Editor’s note: David Connelly‘s letter is referring to a story that appeared in the March 2 issue of News/North, “Cabinet alerted about losing housing project in January.”
I can not think of a Member of the Legislative Assembly, City Council or our Member of Parliament who did include addressing homelessness in their campaign promises. A new facility of 42 units would take years to get off the ground and likely cost $8 million to $11 million and the government would be left to run it and pay the many costs of the homeless persons remaining on the street for the years it would take to build a new facility.
The Yellowknife Women’s Society is an effective, non-governmental group that has put forward a powerful, timely and extremely cost effective solution that can make a meaningful intervention to improve, if not save and lengthen lives of 42 northern residents in desperate need very quickly. All governments should act to enable it.
The math is clear. For approximately $15,000 capital contribution per unit from the GNWT: 42 homeless persons can have warm, safe shelters with dignity. As they transition with the support of the not-for-profit sector additional homeless persons can be accommodated. Put another way for approximately $650,000 the GNWT gets what would cost new $8 to $11 million and take years to do. The GNWT and City would be able to tick off one of their stated priorities. And society gets a noticeable benefit.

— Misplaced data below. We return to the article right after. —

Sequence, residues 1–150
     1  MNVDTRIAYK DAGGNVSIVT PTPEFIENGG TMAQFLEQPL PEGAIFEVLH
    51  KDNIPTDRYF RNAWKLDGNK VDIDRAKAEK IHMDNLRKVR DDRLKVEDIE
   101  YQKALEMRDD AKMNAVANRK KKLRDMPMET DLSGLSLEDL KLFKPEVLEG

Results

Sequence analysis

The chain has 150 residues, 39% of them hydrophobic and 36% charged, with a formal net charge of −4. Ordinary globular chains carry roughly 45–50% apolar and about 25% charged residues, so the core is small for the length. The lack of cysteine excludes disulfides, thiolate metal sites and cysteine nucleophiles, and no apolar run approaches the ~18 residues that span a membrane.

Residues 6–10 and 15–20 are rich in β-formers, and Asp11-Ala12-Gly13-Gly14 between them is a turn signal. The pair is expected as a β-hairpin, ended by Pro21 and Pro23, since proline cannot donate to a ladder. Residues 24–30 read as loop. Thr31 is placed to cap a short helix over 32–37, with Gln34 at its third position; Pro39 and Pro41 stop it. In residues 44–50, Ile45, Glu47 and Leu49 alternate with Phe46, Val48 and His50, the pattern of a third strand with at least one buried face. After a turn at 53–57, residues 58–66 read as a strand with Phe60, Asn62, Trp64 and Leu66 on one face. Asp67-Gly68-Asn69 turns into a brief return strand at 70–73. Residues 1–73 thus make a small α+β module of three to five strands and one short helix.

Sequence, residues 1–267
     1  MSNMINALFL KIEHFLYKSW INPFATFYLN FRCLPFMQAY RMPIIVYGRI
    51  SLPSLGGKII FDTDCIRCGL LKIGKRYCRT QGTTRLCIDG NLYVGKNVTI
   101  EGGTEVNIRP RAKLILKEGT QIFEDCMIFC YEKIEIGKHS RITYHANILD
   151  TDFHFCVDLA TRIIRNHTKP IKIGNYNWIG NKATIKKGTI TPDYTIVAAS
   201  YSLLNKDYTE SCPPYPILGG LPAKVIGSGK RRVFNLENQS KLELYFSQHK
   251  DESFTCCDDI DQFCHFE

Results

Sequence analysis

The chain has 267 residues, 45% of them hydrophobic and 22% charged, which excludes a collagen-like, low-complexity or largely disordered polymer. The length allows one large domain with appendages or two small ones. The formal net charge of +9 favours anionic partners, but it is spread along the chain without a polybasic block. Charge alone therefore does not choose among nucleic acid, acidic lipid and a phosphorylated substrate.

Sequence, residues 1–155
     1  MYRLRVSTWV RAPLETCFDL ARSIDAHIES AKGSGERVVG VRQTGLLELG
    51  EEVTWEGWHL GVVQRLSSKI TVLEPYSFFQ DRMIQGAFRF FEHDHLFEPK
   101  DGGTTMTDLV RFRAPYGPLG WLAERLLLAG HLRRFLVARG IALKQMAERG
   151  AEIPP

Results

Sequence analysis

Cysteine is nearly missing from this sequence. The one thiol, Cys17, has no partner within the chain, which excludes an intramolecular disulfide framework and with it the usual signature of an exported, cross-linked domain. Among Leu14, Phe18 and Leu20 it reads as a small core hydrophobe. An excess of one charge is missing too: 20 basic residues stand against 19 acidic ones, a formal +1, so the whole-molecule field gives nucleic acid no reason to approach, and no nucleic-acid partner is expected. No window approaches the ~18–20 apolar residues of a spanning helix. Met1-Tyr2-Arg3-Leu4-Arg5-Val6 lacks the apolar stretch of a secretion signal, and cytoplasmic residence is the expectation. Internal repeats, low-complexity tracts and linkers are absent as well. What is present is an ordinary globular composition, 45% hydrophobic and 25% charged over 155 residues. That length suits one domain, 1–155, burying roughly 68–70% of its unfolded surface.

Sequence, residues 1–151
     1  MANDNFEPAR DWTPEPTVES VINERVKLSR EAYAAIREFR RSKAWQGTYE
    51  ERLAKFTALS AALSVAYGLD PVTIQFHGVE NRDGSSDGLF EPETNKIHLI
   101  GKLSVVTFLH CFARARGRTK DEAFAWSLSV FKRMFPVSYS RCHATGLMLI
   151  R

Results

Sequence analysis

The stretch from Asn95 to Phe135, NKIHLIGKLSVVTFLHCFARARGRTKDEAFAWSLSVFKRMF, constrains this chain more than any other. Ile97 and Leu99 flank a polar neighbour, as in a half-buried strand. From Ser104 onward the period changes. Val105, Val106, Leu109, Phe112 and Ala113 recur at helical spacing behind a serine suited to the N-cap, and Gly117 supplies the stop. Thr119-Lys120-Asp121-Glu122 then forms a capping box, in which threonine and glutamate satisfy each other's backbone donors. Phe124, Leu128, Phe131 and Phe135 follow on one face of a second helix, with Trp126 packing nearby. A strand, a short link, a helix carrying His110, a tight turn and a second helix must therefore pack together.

I can not understand why all governments are not pulling together to enable this solution rather than letting process derail something which is the right thing to do for so many reasons and particularly for those without a warm and safe place to sleep tonight.
A circular response letter from the GNWT dated Feb. 25, written after the news of the rejection leaked, pointed the finger at the federal review process yet also saying the GNWT supports the federal review process at the expense of letting the project wither and die a month from now.
The GNWT letter does not offer any guidance on what needs to be improved and why or how the application after a year of review fell short. No offer to go to bat for this homelessness solution with the federal government and not a mention of accepting the concerned citizens’ offer of assistance.